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My first thought is that you're passing pointers to pointers where pointers are expected, and pointers where references are expected. Try changing this:
UI = new ui(&dev, &inputs, &sounds, &sprite_handler);
To this:
UI = new ui(dev, inputs, sounds, sprite_handler);
And see what happens.

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Based on the amount of code that I saw, I would strongly urge you to rethink your approach. You're asking objects to hold pointers to variables that are local to some function. If the object "lives" longer than the function, e.g. gets copied to a static container, global object or something like that somewhere, then at the end of the function the pointed-to thing disappears and attempts to use the object go kaboom. In your case you're probably "ok" since it looks like you're doing all of that in main (WinMain), but it's still a bad design idea because (a) it's more complicated than what you need, and (b) it 'ties' the object instance to a function.

Why not just include actual objects (D3D, input, sound; as opposed to pointers thereto) as members of the Game, and have the constructor set them up as needed? Then you can remove code from the main loop, avoid dealing with those pointer passings that you can't seem to get right (and actually get rid of the parameters entirely), avoid dealing with pointers within the actual object implementation, and avoid storing the actual pointers in memory. Why do you think you *need* the pointers? Because the UI object wants to refer to the same objects? Why not just give the UI a Game*? (and if that runs into problems, maybe you'll find that the *real* problem is a poor separation of class responsibilities.)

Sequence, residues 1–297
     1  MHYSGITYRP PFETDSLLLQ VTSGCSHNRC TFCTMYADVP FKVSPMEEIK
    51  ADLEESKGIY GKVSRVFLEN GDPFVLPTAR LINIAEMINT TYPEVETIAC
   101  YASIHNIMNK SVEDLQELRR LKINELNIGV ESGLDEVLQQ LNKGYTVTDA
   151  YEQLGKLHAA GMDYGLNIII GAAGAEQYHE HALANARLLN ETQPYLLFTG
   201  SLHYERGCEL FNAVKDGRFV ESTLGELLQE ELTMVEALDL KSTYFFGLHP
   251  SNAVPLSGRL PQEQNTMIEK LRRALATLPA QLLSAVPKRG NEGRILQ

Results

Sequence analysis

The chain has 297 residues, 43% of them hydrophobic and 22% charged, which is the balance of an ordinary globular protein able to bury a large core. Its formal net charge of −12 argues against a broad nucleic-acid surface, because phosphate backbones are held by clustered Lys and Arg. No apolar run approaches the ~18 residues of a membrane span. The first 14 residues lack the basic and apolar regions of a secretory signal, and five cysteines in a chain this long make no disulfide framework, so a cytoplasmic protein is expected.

Also, you should be aware that DirectX types starting with 'LP' are *already* pointers.

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Zahlman, you're right, I could move everything to the Game class, and remove a good chunk of code from WinMain. However, unless I'm missing something, then all I'm doing is exactly that, moving a chunk of code from winmain, over to my game class. Granted, then I'll just have to pass a Game pointer around, rather than the 4 pointers I'm moving around right now. This also would make my game class my focal point for starting everything, thus effectively making it winmain. My question is this, why not just let winmain be winmain? I don't completely disagree with your thoughts, but if we're talking about making my code prettier (as opposed to just fixing my current problem at hand) then there's about 100 different ways I could do that. For one, this isn't an excessively serious project, more of a hack job prototype, that I want to see working..